CTDEEP

A day on the water with CTDEEPs sturgeon researchers!

28 September 2021. The day started nice enough but soon turned into dark threatening clouds, which the sturgeon researchers that day eyed with concern. Tom Savoy, Deb Pacileo, and Jacque Benway from CTDEEP, along with Kelli Mosca, Steve, Jake, and Hannes started to cast off late morning and slowly motored up the Connecticut River. "We're trying to catch the slack tide to set our sturgeon gill nets" explained Tom, the veteran sturgeon researcher, who has accompanied and steered most monitoring and protection efforts of these iconic fish over the past decades. It was Tom and his colleagues, who in 2014 caught the first baby Atlantic sturgeon in Connecticut River - a potential sign for a long hoped for recovery and the starting point of our project funded by CT SeaGrant.

The day trip was almost over, before it began. The downpour short but relentless and Jacque eyeing the lightening coming from the west with unease. But just before we could decide to fully head back, the radio call from the other boat that several sturgeon had indeed been caught in the gill nets! We therefore proceeded going through the routine measurement protocol that has been implemented for many years and is part of a federal permit to study this endangered species (No. 19641). Even a photograph is considered a sample, which is why we were glad to have our photographer Jacob Snyder (RedSkiesPhotography.com) fully accredited for the trip today. We saw with our own eyes, how a caught sturgeon was first being carefully pried loose from the gill-netting and placed in an aerated observation sump to prevent stress. All individuals are then checked for previously inserted tags using a specialized scanner (1) and if none is found, a new PIT-tag is inserted under the skin with the help of a syringe (3). All sturgeon are also measured for length (2), gape (5) and head width, and weighed (6) before being released back into the water. Tissue samples and in a limited number of fish also fin spine samples are taken for genetic information and growth data, the latter Kelli analyzed for her Masters Thesis.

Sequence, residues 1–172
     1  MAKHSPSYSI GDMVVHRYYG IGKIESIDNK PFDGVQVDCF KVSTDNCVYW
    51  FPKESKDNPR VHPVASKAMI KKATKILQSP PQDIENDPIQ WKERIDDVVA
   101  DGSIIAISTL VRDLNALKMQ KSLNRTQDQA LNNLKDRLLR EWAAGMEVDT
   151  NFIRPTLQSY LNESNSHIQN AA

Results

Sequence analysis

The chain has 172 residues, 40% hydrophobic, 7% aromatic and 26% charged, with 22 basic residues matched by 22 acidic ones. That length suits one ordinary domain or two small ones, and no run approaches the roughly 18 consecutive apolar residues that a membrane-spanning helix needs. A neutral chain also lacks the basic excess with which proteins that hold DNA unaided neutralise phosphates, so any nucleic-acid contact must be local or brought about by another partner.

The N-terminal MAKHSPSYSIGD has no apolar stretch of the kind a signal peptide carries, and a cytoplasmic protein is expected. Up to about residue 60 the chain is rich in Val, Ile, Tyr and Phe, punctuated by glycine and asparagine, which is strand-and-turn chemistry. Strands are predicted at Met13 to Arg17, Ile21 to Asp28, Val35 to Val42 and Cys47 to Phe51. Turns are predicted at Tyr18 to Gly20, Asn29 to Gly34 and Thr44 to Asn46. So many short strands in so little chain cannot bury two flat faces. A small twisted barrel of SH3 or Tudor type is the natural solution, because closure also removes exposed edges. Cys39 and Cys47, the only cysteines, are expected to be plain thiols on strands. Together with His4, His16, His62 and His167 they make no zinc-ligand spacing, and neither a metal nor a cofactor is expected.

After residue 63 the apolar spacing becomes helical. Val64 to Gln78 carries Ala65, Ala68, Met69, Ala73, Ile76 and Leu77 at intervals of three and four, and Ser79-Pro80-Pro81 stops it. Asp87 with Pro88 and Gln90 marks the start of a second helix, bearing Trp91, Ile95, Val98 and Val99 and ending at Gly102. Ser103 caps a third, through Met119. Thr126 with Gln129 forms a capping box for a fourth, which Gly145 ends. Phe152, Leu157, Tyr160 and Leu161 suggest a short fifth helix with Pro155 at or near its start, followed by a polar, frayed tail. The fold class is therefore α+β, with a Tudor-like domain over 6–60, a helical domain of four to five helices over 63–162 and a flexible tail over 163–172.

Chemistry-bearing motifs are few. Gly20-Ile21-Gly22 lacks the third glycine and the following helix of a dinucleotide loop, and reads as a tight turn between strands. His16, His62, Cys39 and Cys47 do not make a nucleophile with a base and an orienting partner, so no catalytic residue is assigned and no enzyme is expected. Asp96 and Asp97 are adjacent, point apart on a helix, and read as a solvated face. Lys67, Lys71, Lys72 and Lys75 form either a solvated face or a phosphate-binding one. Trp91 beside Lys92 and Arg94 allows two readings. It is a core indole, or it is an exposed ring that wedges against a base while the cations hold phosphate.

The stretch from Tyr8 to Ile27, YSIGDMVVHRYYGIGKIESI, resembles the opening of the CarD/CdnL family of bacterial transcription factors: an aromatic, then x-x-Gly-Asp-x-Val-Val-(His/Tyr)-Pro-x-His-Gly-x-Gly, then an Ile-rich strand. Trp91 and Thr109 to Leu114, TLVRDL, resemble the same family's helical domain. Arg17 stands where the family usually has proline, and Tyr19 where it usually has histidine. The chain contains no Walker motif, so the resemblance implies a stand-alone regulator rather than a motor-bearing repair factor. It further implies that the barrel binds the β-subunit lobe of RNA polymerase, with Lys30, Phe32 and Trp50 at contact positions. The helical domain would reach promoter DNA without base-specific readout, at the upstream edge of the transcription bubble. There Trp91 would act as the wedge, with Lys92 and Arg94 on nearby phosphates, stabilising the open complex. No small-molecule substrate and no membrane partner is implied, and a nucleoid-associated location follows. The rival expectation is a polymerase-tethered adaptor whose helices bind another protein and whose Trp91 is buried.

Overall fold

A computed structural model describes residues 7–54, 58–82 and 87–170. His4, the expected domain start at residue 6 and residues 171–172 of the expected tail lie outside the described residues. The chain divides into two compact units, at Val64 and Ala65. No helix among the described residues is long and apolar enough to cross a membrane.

The potential re-emergence of Atlantic sturgeon spawning in the Connecticut River is a success story of research and conservation, however, these efforts need to be sustained and widely communicated for the success to endure.

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1. On 28 September 2021, a juvenile Atlantic sturgeon caught in the Connecticut River is being checked for any previously implemented tags 2. Juvenile or sub-adult sturgeon are being measured for fork and total length using a measuring board 3. CTDEEP researcher Jacque Benway inserts a PIT tag into an sub-adult Atlantic sturgeon 4. Subadult sturgeon on a wet tarp before being released into wild again 5. All sturgeon are measured for mouth gape and head width 6. All sturgeon are being weighed with a gentle contraption 7. Master student Kelli Mosca with an adult sturgeon (all images by Jacob Snyder, RedSkiesPhotography)